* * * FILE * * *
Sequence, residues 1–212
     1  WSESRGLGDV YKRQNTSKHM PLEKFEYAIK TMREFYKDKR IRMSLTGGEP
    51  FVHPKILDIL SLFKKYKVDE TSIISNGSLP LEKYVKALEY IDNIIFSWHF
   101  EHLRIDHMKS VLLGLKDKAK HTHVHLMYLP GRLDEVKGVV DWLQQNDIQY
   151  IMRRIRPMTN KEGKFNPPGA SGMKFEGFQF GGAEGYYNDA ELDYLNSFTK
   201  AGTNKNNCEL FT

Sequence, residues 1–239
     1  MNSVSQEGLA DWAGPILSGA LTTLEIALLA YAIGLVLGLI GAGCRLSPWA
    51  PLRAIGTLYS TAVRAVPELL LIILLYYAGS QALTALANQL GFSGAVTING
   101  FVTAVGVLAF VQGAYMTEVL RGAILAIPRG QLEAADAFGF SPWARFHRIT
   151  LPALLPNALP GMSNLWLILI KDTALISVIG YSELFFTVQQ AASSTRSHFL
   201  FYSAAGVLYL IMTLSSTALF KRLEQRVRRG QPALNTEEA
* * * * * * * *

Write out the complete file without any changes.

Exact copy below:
Sequence, residues 1–212
     1  WSESRGLGDV YKRQNTSKHM PLEKFEYAIK TMREFYKDKR IRMSLTGGEP
    51  FVHPKILDIL SLFKKYKVDE TSIISNGSLP LEKYVKALEY IDNIIFSWHF
   101  EHLRIDHMKS VLLGLKDKAK HTHVHLMYLP GRLDEVKGVV DWLQQNDIQY
   151  IMRRIRPMTN KEGKFNPPGA SGMKFEGFQF GGAEGYYNDA ELDYLNSFTK
   201  AGTNKNNCEL FT

Sequence, residues 1–239
     1  MNSVSQEGLA DWAGPILSGA LTTLEIALLA YAIGLVLGLI GAGCRLSPWA
    51  PLRAIGTLYS TAVRAVPELL LIILLYYAGS QALTALANQL GFSGAVTING
   101  FVTAVGVLAF VQGAYMTEVL RGAILAIPRG QLEAADAFGF SPWARFHRIT
   151  LPALLPNALP GMSNLWLILI KDTALISVIG YSELFFTVQQ AASSTRSHFL
   201  FYSAAGVLYL IMTLSSTALF KRLEQRVRRG QPALNTEEA